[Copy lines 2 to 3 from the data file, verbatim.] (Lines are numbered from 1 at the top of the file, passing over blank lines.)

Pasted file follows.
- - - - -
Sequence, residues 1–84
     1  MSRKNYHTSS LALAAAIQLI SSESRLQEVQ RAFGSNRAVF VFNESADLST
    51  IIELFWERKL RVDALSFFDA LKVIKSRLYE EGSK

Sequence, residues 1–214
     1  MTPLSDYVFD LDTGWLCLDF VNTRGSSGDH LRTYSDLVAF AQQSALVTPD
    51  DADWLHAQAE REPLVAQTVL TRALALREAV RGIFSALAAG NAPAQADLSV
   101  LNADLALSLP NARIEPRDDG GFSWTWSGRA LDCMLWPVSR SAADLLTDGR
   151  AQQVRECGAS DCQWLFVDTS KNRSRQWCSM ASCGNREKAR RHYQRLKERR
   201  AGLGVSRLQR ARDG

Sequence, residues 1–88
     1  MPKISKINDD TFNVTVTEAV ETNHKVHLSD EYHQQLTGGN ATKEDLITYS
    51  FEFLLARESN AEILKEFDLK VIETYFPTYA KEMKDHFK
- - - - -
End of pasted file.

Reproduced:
     1  MSRKNYHTSS LALAAAIQLI SSESRLQEVQ RAFGSNRAVF VFNESADLST
    51  IIELFWERKL RVDALSFFDA LKVIKSRLYE EGSK